Paul Osborne's
Councilman Pat McDaniel Is Seriously Considering A Run For Mayor

City Councilman Patrick Mc-Daniel is seriously considering running for mayor.
McDaniel told me that he has been talking to “a lot of people” in making a determination on throwing his hat into the mayoral race  -- which at this point, has no one “officially” running for the office.
Although the present mayor, Mike McElroy, has not officially announced his intentions, he told me that his intention to run will be announced at a news conference next month. McElroy served as a councilman for six years before being elected to a two-year term as mayor in 2009 and re-elected to a full four-year term in 2011.
McDaniel told me that he has been getting a lot of encouragement to run for mayor from many of the citizens he has talked with about the idea, but he hasn’t made a final decision.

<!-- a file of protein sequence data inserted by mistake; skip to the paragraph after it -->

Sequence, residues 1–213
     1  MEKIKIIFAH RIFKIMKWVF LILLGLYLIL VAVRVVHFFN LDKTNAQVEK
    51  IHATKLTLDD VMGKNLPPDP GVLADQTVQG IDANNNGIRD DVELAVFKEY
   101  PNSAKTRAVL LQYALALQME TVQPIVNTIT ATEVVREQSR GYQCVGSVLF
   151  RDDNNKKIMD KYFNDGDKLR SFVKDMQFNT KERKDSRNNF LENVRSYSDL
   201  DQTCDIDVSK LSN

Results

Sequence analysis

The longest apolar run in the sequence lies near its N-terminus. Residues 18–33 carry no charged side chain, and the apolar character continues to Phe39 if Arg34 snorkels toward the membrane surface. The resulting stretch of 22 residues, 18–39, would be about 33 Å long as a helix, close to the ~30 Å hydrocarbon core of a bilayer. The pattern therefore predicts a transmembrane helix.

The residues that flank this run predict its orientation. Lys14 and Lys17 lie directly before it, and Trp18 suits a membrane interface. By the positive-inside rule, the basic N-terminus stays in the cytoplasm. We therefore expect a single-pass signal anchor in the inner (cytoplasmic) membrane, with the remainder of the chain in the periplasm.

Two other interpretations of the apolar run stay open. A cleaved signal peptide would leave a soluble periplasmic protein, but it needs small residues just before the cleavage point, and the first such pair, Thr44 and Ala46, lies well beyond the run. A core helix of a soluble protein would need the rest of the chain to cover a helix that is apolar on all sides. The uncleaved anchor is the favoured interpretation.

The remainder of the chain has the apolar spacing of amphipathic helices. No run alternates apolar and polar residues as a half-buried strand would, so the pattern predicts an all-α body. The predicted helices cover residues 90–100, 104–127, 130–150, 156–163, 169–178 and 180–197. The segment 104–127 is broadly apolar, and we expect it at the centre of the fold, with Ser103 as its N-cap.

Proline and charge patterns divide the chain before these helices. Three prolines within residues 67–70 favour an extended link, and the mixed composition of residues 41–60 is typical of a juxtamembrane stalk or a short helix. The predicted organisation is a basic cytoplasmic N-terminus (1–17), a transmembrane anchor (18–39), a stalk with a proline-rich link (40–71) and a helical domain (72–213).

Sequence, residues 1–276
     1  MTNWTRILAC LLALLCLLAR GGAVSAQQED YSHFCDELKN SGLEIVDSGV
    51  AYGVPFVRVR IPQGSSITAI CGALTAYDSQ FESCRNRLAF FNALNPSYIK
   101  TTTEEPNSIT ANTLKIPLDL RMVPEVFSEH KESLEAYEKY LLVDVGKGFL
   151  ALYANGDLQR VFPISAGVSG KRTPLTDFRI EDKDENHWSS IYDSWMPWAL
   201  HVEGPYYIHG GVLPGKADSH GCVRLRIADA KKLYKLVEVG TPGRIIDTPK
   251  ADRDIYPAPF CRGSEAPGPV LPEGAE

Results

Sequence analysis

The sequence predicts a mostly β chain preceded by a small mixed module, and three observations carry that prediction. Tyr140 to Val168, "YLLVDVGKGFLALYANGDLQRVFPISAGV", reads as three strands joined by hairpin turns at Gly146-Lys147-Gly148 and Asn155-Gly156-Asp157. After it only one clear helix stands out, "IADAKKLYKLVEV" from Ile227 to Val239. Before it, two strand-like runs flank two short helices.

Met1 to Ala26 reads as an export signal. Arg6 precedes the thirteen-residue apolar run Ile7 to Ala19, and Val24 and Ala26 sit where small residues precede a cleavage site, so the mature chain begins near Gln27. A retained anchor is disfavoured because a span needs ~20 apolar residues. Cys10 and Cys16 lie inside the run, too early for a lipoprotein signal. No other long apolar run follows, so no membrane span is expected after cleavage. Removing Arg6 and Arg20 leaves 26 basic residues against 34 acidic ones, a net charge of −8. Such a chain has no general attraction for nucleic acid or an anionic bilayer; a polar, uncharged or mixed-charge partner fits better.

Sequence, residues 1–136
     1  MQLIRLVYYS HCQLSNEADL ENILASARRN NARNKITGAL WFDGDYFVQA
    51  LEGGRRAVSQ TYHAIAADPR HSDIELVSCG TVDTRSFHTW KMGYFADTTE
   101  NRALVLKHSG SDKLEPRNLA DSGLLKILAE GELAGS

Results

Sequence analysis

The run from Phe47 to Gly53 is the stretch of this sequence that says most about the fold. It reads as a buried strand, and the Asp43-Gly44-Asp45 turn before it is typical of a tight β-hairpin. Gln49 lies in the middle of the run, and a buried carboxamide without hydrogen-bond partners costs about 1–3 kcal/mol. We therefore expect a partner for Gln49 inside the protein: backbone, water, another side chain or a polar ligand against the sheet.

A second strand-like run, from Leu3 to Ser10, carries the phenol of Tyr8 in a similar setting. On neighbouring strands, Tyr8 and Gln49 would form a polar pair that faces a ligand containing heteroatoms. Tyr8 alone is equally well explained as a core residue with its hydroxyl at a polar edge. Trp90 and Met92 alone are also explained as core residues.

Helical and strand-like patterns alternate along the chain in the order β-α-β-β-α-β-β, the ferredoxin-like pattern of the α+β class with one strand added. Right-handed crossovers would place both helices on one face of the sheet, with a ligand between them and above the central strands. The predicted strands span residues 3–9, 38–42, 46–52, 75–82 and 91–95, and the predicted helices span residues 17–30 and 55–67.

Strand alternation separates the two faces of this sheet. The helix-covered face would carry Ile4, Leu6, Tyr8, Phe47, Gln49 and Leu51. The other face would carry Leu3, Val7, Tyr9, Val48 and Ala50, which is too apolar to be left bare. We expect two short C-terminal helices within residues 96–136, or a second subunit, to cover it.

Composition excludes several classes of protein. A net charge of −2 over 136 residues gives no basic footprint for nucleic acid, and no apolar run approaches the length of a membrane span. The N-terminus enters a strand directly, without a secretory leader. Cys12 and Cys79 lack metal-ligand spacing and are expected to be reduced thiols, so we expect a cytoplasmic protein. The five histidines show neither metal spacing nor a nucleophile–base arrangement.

McDaniel’s present city council term doesn’t expire until 2017.
I had been hearing rumors that McDaniel might challenge McElroy for the mayor’s seat so I asked him if he was running and, although he hasn’t made a final decision, in my conversation with him, I sensed there is a strong possibility. 
If McDaniel decides to challenge McElroy for mayor, it will be a little unsual for a sitting councilman in our city to take on the mayor in his re-election bid.
I remember when I was getting ready to start my campaign for re-election and Councilwoman Betsy Stockard called to tell me she was going to run against me.
Like McDaniel, her council term was not up until two years after the mayoral election so, if she wasn’t successful against me, she still had two years to serve on council before her term expired.
Stockard, or any other member of the council, had a right to run against me when I sought re-election.